Business Connections, Incompatible Activities and Undeclared Companies of Parliament Members - საერთაშორისო გამჭვირვალობა - საქართველო
GEO

Business Connections, Incompatible Activities and Undeclared Companies of Parliament Members

10 December, 2021

A new report by Transparency International Georgia indicates that undeclared business assets of Parliament members and incompatible activities with their status is a problematic issue in the Parliament of Georgia of the 10Th Convocation.

We do not have the capacity to establish whether the undeclared companies are actually engaged in entrepreneurial activities and The Civil Service Bureau should be interested in this issue. As for the conflict of interests, this needs to be examined by the Parliamentary Committee of Procedural Issues and Rules.

The information about MPs’ asset declarations and their shares in companies is given in the report as 16 September 2021.

Based on the study of official data:

Business interests of MPs

  • Out of 150 MPs, 62 have business connections.
  • 10 MPs have incompletely indicated their share ownership in the asset declarations. These MPs are: Davit Kacharava, Nona Mamulashvili, Levan Mgaloblishvili, Tsezar Chocheli, Tariel Nakaidze, Nino Tsilosani, Dilar Khabuliani, Iago Khvichia, Zaal Dugladze, Pridon Injia.
  • 13 MPs incompletely declared their indirect entrepreneurial activities(related/subsidiary).

The following MPs hold business assets in the largest number of companies (10 and more):

1.      Badri Japaridze (Lelo- Partnership for Georgia faction)- 32 companies

2.      Mamuka Khazaradze (Lelo- Partnership for Georgia faction)- 30 companies

3.     Vasil Chigogidze (Georgian Dream faction) – 22 companies;

4.    Avtandil Enukidze (European Socialists political group) – 20 companies;

5.    Pridon Injia (European Socialists political group) – 20 companies;

6.    Kakhaber Okriashvili (United National Movement faction – Power in Unity united opposition) – 12 companies;

7.    Dilar Khabuliani (United National Movement faction – Power in Unity united opposition) – 10 companies)

Activities incompatible with the status of a Member of Parliament

As for entrepreneurial activity, a Member of Parliament has no right to be directly engaged in a repeated activity of managing material and financial assets for profit. Also, an MP is not allowed to directly exercise the powers of a permanent head or a member of a supervisory, control, revision and/or consultative body of an entrepreneurial entity.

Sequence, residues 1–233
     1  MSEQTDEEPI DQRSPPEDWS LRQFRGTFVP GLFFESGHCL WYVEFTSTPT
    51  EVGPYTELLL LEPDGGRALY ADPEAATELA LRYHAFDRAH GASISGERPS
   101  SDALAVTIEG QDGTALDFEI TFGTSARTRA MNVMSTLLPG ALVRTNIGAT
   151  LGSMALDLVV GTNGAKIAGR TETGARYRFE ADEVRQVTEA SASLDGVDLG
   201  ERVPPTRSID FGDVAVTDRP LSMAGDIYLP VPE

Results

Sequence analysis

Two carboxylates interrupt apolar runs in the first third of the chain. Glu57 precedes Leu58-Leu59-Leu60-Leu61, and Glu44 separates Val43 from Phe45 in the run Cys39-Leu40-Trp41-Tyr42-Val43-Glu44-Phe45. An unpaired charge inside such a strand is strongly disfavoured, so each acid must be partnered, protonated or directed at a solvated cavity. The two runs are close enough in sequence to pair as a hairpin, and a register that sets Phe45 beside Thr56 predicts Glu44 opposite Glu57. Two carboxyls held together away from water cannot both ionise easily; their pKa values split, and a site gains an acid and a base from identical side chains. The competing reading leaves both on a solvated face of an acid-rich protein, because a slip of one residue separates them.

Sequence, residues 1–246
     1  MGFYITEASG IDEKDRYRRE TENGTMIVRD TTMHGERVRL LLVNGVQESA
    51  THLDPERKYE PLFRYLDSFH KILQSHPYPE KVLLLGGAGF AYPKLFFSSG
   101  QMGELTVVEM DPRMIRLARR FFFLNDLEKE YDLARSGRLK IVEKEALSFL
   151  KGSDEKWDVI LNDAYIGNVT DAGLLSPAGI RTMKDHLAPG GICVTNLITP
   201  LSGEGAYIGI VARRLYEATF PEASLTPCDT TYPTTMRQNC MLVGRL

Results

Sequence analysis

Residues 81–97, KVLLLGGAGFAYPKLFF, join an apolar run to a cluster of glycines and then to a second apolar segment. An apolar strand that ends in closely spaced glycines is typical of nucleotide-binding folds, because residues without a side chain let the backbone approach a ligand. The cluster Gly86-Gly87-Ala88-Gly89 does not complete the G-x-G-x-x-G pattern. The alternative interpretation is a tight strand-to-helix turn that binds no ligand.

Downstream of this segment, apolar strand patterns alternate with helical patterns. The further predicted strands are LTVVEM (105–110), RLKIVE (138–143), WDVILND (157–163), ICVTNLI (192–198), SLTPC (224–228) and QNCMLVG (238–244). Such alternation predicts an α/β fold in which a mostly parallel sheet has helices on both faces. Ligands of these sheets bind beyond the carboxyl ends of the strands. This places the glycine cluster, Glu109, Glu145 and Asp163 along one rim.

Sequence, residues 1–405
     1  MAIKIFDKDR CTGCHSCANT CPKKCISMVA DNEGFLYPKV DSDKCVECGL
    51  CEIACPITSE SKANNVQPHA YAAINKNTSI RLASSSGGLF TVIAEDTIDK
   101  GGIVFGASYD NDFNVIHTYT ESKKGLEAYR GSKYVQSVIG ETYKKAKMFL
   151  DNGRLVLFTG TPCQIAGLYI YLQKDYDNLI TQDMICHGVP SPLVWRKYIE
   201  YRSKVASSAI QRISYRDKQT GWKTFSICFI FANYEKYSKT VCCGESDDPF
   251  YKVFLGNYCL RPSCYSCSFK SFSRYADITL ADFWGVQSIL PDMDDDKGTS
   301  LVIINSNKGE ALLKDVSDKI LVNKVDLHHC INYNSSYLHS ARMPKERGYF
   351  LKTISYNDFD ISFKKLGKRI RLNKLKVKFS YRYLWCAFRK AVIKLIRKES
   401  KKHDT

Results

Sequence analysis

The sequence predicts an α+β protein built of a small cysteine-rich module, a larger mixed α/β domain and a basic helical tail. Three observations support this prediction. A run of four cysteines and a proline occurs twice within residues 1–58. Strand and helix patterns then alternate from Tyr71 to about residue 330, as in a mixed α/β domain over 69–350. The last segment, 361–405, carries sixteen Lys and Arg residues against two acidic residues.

In 12 cases, the deputies carried on exercising representative authority of entrepreneurial entities simultaneously with their parliamentary activities; These MPs are: Giorgi Godabrelidze, Abdula Ismailov, Manuchar Kvirkvelia, Nona Mamulashvili, Mamuka Mdinaradze, Rostom Chkheidze, Devi Chankotadze, Levan Khabeishvili, Iago Khvichia, Dimitri Khundadze, Tamar Charkviani, Khatuna Kvitsiani.

Income from companies

In most cases, 0 Gel is indicated as income received from entrepreneurial activities. Only 22 from 62 MPs indicated their income from entrepreneurial activities.

According to the submitted declarations, the following MPs indicated the highest annual income from entrepreneurial activities:

  • Kakhaber Okriashvili (United National Movement faction – Power in Unity united opposition) – GEL 11,268,533.54;
  • Pridon Injia (European Socialists political group) – GEL 1,528,556;
  • Anton Obolashvili (Georgian Dream faction) – GEL 1,418,917.5;
  • Elguja Gotsiridze (Georgian Dream faction) – GEL 1,263,590.42;

 The report about undeclared entrepreneurial activities of Members of Parliament and their business connections is based on information collected from official sources (asset declarations of officials and the website of the National Agency of Public Registry, information requested from the Parliament).

 

Our Recommendations:

  • The Committee of Procedural Issues and Rules of The Parliament of Georgia should study the cases indicated in the report and respond to them within the scope of their authority;
  • Based on the provided information, the Civil Service Bureau should start monitoring asset declarations of MPs mentioned in the report.
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